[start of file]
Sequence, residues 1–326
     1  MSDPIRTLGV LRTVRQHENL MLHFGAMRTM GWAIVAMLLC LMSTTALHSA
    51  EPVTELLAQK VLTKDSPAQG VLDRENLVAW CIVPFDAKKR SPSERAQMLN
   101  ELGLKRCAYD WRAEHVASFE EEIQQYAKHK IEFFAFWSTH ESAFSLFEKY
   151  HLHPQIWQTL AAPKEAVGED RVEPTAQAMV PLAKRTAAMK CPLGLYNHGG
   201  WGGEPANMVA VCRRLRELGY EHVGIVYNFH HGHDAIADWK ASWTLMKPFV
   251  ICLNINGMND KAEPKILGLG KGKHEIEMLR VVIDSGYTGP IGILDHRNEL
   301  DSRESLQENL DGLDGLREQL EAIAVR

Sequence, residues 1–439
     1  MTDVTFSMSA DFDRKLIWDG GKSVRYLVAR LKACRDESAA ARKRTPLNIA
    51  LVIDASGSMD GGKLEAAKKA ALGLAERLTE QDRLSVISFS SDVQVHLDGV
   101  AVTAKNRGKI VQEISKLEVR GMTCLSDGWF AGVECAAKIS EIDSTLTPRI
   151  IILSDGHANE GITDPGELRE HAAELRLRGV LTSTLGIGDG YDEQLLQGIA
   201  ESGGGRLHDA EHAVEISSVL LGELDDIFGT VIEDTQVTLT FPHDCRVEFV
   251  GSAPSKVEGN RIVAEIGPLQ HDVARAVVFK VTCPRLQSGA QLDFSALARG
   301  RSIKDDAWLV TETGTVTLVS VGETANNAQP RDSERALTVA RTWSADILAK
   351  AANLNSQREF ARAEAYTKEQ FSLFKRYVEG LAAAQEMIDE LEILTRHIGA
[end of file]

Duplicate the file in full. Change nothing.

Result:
Sequence, residues 1–326
     1  MSDPIRTLGV LRTVRQHENL MLHFGAMRTM GWAIVAMLLC LMSTTALHSA
    51  EPVTELLAQK VLTKDSPAQG VLDRENLVAW CIVPFDAKKR SPSERAQMLN
   101  ELGLKRCAYD WRAEHVASFE EEIQQYAKHK IEFFAFWSTH ESAFSLFEKY
   151  HLHPQIWQTL AAPKEAVGED RVEPTAQAMV PLAKRTAAMK CPLGLYNHGG
   201  WGGEPANMVA VCRRLRELGY EHVGIVYNFH HGHDAIADWK ASWTLMKPFV
   251  ICLNINGMND KAEPKILGLG KGKHEIEMLR VVIDSGYTGP IGILDHRNEL
   301  DSRESLQENL DGLDGLREQL EAIAVR

Sequence, residues 1–439
     1  MTDVTFSMSA DFDRKLIWDG GKSVRYLVAR LKACRDESAA ARKRTPLNIA
    51  LVIDASGSMD GGKLEAAKKA ALGLAERLTE QDRLSVISFS SDVQVHLDGV
   101  AVTAKNRGKI VQEISKLEVR GMTCLSDGWF AGVECAAKIS EIDSTLTPRI
   151  IILSDGHANE GITDPGELRE HAAELRLRGV LTSTLGIGDG YDEQLLQGIA
   201  ESGGGRLHDA EHAVEISSVL LGELDDIFGT VIEDTQVTLT FPHDCRVEFV
   251  GSAPSKVEGN RIVAEIGPLQ HDVARAVVFK VTCPRLQSGA QLDFSALARG
   301  RSIKDDAWLV TETGTVTLVS VGETANNAQP RDSERALTVA RTWSADILAK
   351  AANLNSQREF ARAEAYTKEQ FSLFKRYVEG LAAAQEMIDE LEILTRHIGA